When the Civil War broke out, men and boys from all over the country rushed to enlist. Many of these recruits were from rural or small communities. Before the war, these men had never traveled more than twenty or so miles outside of their hometown. They were about to be thrown in with thousands of men who came from different walks of life and had experienced different illnesses throughout their life. As a result, the soldiers were exposed to disease on a level that had never really been experienced before. Because of their relatively sheltered upbringing, many soldiers did not have immunities to common diseases. Childhood illnesses like measles were popping up in these crowded, dirty training camps and the doctors had more than they could handle.

John B. Gordon, a Confederate general, wasn’t oblivious to this trend. He wrote: “It was amazing to see the large number of country boys who never had the measles. They ran through the whole catalogue of complaints that boyhood and even babyhood are subjected. They had everything except teething, nettle-rash, and whooping cough. I rather think some of them were afflicted with the latter disease.”

Wounded soldiers gather outside of a field hospital after Battle of the Wilderness in May of 1864.

Soldiers with preexisting conditions like TB were also admitted into the army due to the lack of screening at the time of their enlistment. The majority of the population believed that this would be a very short war and as long as the men could march and carry a gun, they were deemed fit for service. So, men who were just on the edge of becoming ill, or might have been a carrier of some disease, were crammed into tents with a dozen other guys who were then exposed. This did improve as the war went on, recruits were screened more meticulously and denied entry into the army if they were found to be even remotely ill or deficient in some medical way.

Stress and the exertion of marching put a tax on the body and could leave soldiers more vulnerable to disease. Rest was vital to the health of an army and especially those convalescing from illness. Sanitation was also a culprit. Back home on the farm, men would relieve themselves in an outhouse or just anywhere they pleased. With families, that may not be a problem, but when thousands of men are using the bathroom wherever they want, controlling cleanliness was near impossible. Officers in charge of these men didn’t know better, because the general stench of an army camp was common. They thought it was normal for camps to be this filthy and it was considered a “patriotic odor”. Soldiers generally knew that you shouldn’t poop where you get your water. But, they still had the problem of other soldiers contaminating the water upriver, which flowed downriver to other soldiers filling their canteens. This bacterium would then bring on the most rampant disease of the whole war.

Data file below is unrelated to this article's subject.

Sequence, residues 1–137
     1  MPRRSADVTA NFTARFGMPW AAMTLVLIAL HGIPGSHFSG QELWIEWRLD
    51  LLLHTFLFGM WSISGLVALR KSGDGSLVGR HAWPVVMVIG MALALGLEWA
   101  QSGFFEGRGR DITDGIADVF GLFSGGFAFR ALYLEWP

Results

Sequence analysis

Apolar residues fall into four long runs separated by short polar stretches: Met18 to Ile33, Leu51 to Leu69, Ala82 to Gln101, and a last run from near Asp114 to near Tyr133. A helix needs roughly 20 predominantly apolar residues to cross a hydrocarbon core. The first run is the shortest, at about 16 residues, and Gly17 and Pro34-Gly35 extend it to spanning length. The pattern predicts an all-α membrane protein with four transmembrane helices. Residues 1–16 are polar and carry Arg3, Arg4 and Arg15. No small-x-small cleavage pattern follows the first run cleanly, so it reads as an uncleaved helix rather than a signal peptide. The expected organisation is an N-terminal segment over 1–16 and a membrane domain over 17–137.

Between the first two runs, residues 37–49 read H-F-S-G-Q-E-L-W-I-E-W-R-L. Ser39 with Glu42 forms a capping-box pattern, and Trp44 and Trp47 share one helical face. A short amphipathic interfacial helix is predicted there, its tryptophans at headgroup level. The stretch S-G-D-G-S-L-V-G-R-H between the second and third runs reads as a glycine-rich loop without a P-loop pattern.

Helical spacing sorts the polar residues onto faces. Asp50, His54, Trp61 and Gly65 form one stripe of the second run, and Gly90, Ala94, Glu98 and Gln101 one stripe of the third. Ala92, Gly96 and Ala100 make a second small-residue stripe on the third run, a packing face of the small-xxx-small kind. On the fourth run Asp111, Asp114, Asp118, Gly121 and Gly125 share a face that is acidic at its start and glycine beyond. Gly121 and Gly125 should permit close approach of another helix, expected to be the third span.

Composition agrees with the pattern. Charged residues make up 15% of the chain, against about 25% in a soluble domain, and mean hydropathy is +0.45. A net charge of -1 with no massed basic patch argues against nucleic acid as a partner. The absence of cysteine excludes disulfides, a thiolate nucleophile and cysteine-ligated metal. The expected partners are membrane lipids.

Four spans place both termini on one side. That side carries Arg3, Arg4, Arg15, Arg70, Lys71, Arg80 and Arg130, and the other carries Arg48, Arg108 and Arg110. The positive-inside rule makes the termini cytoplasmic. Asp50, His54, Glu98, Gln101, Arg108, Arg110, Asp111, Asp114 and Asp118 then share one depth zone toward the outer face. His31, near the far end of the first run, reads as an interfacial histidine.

Dysentery is an advanced form of diarrhea. Commonly known by it’s nickname the “Virginia Quickstep” and “Tennessee Trots”, it hurt soldiers just as much as bullets would. Soldiers were practically set up for this sickness due to their poor diet while on the march and spoiled rations. Once the bacteria was in the stool, it was able to spread the disease through the army quickly. This disease is no respecter of rank. Even General Robert E. Lee came down with dysentery at one point or another. Out of 1,000 soldiers, 20 would die of dysentery or diarrhea before the war came to its end in 1865.

While the doctors and surgeons had the best of intentions, the soldiers often didn’t trust them or their remedies. Soldiers might turn to home solutions they knew well to combat their diseases, which sometimes worked and sometimes didn’t. Soldiers trying to vaccinate themselves for smallpox would end up giving themselves syphilis as they contaminated one another. Confederates experimented with drugs and medicines as the Union blockade made their supplies run thin. One thing that worked more often than not was a change of diet. If a soldier came down with scurvy, a diet of fruit and vegetables was strictly adhered to – among other things. The same went for diarrhea.

A field hospital at Gettysburg.

It is often said that more soldiers died of disease during the Civil War than from wounds received in battle. The rough estimates show this to be true. 

Total Fatalities by battle: 204,100 (110,100 Union, 94,000 Confederate)

Total Fatalities by disease: 388,580 (224,580 Union, 164,000 Confederate)


Burial of Union soldiers after the Battle of Fredericksburg.

            The next few weeks we will be exploring more about battlefield hospitals, medicine, surgeries during the Civil War. Our exploration of Civil War hospitals and medicines will culminate on March 12-13 with a special guided tour offered at the Tunnel Hill Heritage Center. We will be setting up our own Austin House Battlefield Hospital and reenacting what happened at a field hospital during this time. Stay tuned to our Facebook page and website for more details!